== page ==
Background: Several studies have suggested that back pain in the majority of pediatric patients does not have an identifiable cause. Many children undergo extensive diagnostic workup that ultimately results in a nonconfirmative diagnosis. The purpose of this study was to (1) describe the prevalence of back pain seen in a pediatric orthopaedic clinic; (2) evaluate the efficacy of a systematic approach dependent on magnetic resonance imaging (MRI) in the diagnosis of pediatric back pain; and (3) analyze sensitivity, specificity, positive predictive value, and negative predictive value of various clinical signs and symptoms.
Methods: For a 24-month period, all patients that presented with a chief complaint of back pain were prospectively enrolled in this study and evaluated in a systematic approach which utilized MRI for patients with constant pain, night pain, radicular pain, or abnormal neurological examination after an initial history, physical examination, and negative radiographic examination.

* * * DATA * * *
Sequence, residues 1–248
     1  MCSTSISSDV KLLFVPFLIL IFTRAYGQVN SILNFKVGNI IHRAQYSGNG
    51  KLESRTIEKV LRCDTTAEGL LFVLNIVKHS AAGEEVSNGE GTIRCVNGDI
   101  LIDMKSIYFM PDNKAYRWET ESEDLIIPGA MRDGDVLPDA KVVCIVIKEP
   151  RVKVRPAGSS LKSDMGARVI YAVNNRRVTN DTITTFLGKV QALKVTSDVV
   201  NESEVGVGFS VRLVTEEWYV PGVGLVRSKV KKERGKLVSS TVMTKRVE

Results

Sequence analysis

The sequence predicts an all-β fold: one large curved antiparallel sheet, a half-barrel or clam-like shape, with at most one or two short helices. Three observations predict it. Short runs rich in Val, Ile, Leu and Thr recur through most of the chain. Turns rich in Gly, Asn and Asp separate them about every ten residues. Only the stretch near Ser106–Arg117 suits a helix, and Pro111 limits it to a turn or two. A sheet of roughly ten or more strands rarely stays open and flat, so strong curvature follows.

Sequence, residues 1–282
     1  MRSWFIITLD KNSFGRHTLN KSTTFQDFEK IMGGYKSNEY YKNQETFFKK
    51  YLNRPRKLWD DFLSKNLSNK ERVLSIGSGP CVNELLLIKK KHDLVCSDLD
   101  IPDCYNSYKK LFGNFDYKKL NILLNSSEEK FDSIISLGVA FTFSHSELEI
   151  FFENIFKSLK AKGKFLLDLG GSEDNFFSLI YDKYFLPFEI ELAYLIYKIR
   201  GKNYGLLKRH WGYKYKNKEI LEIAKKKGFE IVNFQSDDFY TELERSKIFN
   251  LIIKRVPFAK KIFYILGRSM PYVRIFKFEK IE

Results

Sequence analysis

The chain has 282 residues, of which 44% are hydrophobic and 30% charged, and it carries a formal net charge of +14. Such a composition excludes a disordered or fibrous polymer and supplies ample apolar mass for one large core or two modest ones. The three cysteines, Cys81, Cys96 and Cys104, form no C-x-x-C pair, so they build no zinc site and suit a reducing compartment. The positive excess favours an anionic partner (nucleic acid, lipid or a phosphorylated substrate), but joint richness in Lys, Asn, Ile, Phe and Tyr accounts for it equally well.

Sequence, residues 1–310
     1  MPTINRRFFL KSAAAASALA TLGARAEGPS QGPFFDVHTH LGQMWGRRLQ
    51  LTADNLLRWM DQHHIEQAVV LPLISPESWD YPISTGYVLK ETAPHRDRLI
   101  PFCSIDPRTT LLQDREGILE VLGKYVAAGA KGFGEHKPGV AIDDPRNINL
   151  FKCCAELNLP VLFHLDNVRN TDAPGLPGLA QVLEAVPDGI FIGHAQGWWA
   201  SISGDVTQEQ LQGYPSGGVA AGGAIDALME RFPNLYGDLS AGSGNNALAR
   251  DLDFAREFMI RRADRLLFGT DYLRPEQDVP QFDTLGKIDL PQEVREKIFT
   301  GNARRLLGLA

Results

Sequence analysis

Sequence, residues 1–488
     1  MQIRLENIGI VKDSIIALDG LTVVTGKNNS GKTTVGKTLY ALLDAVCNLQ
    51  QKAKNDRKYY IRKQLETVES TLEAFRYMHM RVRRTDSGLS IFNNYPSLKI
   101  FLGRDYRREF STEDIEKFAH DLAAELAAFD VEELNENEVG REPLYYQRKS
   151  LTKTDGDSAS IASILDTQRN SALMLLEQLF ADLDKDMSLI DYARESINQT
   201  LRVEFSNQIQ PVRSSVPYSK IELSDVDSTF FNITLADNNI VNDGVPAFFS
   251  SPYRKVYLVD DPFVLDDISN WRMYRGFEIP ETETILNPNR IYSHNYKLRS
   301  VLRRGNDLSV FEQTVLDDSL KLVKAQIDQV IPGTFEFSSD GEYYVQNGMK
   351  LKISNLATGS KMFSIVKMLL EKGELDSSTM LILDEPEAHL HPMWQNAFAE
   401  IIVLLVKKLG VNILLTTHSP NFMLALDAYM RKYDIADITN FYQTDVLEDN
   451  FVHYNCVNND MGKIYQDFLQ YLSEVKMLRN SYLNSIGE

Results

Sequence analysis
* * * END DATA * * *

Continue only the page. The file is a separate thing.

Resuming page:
Results: The prevalence of chief complaint of back pain was 8.6% (261/3042 patients). Of the 261 patients, 34% had an identifiable pathology following the systematic approach. In 8.8% of patients, the diagnosis was established with the history, physical examination, and plain radiographs. MRI yielded a definitive diagnosis in another 25% of patients. It is noteworthy that of the 89 patients with a confirmed pathology, 26% were identified with plain radiographs and 74% with MRI.
Conclusions: A systematic approach to diagnose pediatric back pain demonstrated that 34% of pediatric patients that present to an outpatient orthopaedic clinic complaining of back pain will have identifiable pathology. The diagnostic yield increased from 8.8% with the history, physical examination, and plain radiographs to 22% with the TCN Bone Scan to 36% with the use of the MRI. The clinician should be aware that the presences of lumbar pain or constant pain are red flags for the presence of underlying pathology.
Level of Evidence: Level III.
(C) 2014 by Lippincott Williams & Wilkins